What this study shows is that low-dose radiation may be the most effective form of earlobe keloid scar revision and may even be considered as an initial therapy with surgery as the first effort. Given that there appears to be no difference with the lower dose approach, postsurgical radiotherapy with 10 Gy of radiotherapy administered in two fractions over 2 days can be successfully used successfully to treat earlobe keloids.

Dr. Barry Eppley

Indianapolis, Indiana

Scar Revision Strategies in Hypertrophic vs Keloid Scars

Monday, October 28th, 2013


While scars have a negative connotation due to the imperfect appearance of the skin, they are a normal result of most injuries and surgeries. This is part of the wound healing process and their appearance (or perpetuation) is the expected result of this dynamic process. It is only deviations from normal wound healing, hypertrophic scars and keloids, that should be considered abnormal.

The differences between hypertrophic scars and keloids is a confusing one for most people. One is often thought of as the other, most commonly hypertrophic scars being confused as keloid scarring. But they are in both appearance and biology distinctly different. Hypertrophic scars appear raised but stay within the confines of the original wound. They are more likely to occur in wounds that cross the so-called relaxed skin tension lines or in wounds that have been left open to heal on their own or have become infected.

Conversely, keloids extend beyond the confines of the original wound (mushrooming from the wound edges) and are often associated with ongoing growth. They may stop growing but many do not. It is this progression in size that is the hallmark of their behavior. They often cause pain and other symptoms such as itchiness. This is due to the tight scar tissue and a sign of ongoing growth. They may also be a family history of keloids due to a genetic inheritance. They are often associated with traumatic wounds such as ear piercings, tattoos and burns.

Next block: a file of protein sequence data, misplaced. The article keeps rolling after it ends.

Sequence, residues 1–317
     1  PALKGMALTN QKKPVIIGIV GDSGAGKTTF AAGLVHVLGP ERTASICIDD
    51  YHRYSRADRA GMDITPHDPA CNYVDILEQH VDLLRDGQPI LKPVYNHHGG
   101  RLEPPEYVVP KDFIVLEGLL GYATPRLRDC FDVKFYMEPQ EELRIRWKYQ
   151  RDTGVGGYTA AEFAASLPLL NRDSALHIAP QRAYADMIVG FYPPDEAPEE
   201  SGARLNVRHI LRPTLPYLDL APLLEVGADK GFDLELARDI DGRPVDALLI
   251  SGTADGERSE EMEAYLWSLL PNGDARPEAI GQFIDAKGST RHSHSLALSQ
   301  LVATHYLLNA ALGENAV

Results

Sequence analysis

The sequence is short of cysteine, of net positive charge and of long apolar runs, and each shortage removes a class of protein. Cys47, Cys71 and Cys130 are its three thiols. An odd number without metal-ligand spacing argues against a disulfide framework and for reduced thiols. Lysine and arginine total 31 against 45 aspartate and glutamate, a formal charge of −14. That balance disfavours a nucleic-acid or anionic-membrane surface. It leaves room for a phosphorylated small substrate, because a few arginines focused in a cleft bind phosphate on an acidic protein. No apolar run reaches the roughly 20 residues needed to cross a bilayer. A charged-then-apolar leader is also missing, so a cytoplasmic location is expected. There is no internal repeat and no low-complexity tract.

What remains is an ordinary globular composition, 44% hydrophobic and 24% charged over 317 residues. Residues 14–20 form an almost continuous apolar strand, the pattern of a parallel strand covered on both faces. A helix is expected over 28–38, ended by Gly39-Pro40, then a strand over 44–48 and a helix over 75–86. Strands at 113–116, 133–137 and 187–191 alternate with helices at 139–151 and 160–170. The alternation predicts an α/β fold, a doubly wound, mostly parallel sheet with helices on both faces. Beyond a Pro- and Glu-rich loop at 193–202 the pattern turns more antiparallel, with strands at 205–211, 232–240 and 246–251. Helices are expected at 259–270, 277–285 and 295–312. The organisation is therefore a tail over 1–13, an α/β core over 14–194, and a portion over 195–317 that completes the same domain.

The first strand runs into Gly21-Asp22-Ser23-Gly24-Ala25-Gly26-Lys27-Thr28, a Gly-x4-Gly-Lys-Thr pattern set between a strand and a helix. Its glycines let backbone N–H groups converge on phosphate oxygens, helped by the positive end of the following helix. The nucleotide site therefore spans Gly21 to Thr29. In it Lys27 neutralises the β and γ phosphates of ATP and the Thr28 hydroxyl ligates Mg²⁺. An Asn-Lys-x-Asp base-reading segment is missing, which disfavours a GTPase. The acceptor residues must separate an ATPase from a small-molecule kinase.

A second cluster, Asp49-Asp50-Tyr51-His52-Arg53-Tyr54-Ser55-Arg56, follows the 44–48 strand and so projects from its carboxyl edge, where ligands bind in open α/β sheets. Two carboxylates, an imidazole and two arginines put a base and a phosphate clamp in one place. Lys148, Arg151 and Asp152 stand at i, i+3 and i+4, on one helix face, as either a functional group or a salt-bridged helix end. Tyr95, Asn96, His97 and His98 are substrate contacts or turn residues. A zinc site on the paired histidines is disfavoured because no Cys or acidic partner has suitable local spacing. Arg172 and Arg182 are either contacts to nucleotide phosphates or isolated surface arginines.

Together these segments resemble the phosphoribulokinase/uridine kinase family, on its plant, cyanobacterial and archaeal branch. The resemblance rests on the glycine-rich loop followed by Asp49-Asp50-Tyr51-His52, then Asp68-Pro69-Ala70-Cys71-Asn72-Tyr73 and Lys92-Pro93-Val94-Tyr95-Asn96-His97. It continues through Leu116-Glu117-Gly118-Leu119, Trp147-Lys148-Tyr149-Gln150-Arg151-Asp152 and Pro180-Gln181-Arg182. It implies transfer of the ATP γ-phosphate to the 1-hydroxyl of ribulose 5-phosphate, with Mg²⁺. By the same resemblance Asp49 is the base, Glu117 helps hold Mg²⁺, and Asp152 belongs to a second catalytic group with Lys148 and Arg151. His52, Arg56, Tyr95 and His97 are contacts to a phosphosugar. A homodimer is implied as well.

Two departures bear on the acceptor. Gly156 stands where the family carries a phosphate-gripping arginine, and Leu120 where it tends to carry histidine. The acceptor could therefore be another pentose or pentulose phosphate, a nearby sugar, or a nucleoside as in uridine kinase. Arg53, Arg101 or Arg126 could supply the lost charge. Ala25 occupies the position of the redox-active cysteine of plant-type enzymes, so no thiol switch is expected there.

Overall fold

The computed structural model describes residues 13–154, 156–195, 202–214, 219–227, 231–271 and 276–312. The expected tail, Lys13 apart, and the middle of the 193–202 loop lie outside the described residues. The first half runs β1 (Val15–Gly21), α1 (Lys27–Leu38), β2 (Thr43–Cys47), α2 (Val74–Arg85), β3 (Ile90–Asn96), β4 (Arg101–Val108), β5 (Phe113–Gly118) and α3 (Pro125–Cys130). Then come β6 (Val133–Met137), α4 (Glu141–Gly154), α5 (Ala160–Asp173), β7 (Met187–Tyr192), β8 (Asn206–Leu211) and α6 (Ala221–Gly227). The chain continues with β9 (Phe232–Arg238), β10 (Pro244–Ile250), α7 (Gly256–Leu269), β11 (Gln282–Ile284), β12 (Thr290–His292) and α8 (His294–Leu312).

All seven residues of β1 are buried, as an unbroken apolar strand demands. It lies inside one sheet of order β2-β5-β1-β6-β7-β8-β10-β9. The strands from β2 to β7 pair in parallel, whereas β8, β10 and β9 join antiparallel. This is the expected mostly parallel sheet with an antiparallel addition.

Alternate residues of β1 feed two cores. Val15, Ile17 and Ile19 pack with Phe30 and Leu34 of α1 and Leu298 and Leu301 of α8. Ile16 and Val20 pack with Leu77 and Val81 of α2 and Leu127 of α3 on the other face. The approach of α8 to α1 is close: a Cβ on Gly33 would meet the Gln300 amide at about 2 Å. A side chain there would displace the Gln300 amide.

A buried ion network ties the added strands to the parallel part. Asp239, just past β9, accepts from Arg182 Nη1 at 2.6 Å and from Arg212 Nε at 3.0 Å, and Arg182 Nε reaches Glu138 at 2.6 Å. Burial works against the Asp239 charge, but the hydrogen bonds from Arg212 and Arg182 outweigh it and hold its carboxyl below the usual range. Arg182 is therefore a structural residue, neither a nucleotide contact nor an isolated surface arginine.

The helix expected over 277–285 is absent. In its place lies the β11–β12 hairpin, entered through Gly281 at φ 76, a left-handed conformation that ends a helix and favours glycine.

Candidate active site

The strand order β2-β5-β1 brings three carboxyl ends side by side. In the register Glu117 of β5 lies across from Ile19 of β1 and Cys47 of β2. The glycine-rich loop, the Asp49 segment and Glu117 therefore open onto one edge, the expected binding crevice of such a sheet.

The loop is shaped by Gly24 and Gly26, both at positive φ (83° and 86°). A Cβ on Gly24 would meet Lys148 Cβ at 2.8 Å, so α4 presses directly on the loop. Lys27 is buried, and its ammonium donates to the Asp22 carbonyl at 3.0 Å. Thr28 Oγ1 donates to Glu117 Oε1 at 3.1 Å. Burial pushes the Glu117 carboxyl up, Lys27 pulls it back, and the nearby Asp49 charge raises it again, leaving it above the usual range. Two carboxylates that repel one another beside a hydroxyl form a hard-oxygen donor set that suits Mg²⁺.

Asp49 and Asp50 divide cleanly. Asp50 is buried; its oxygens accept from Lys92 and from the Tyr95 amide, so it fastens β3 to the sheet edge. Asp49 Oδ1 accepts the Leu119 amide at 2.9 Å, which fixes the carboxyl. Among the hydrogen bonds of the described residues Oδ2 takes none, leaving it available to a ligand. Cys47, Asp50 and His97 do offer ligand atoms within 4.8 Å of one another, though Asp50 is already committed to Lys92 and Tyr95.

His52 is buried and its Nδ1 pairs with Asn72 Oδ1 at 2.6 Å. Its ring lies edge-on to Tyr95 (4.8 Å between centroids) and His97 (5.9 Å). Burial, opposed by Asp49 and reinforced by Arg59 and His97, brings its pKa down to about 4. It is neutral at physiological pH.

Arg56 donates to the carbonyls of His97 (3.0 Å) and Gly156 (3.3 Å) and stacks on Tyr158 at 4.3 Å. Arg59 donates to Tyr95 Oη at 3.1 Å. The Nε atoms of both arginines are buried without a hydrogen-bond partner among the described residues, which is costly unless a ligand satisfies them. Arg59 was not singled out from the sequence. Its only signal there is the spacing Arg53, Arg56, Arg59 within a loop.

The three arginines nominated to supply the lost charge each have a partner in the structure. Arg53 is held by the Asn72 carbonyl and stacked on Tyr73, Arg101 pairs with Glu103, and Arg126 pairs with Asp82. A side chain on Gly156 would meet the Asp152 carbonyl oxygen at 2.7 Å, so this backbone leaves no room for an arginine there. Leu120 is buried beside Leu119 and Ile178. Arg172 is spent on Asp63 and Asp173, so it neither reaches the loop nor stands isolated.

Just like their biology the treatments for hypertrophic scars and keloids is different. While hypertrophic scars may improve with time, significant improvement in their appearance is usually only going to come from excision and closure, with or without some form of geometric rearrangement.(e.g., z-plasty, running w-plasty) This almost always solves this particular scar problem or, at the least, provides significant in its appearance. While the same issue for improvement applies to keloids, careful consideration needs to be given to how recurrence is going to be prevented as the propensity for so occurring is remarkably high.

Combining some recurrence prevention strategy with keloid excision is standard and most commonly is the injection of steroids along the wound edges. This is best done before surgery to get some regression of the keloid and then the excision is performed.  At the time of excision the wound edges may be injected with steroid followed by repeat injections every several weeks after surgery for a few intervals. This is far more successful that just excising a keloid alone but is still associated with a near 50% recurrence rate.

For the refractory keloid, radiation therapy is the one known alternative approach that is often better than steroids. It is combined with scar revision and is started immediately, even on the day of surgery. It is known as low dose radiation and, while there is no standard dosing regimen, most patients receive between 1500 and 2000 rads over several sessions done daily for the first week after the surgery. This radiation-induced disruption of collagen synthesis at its inception has the best chance of preventing new keloid formation although it is not foolproof and recurrences have been known to recur .

Dr. Barry Eppley

Indianapolis, Indiana

Case Study: Mega Abdominal Scar Revision

Saturday, September 28th, 2013


Background: Abdominal wall disruptions and deformities occur from a wide variety of problems. But infection from traumatic injury, surgery or a bowel-related disease process can produce a devastating and life-threatening abdominal wound problem due to having to be packed open. Once the infection is cleared, the open abdominal wound can usually be secondarily closed once tissue inflammation has subsided but, in some cases, the open wound is better to be skin-grafted after developing a good bed of granulation tissue. This is an older school of surgical thought but a very safe one once the abdominal wall or intraperitoneal cavity has been infected.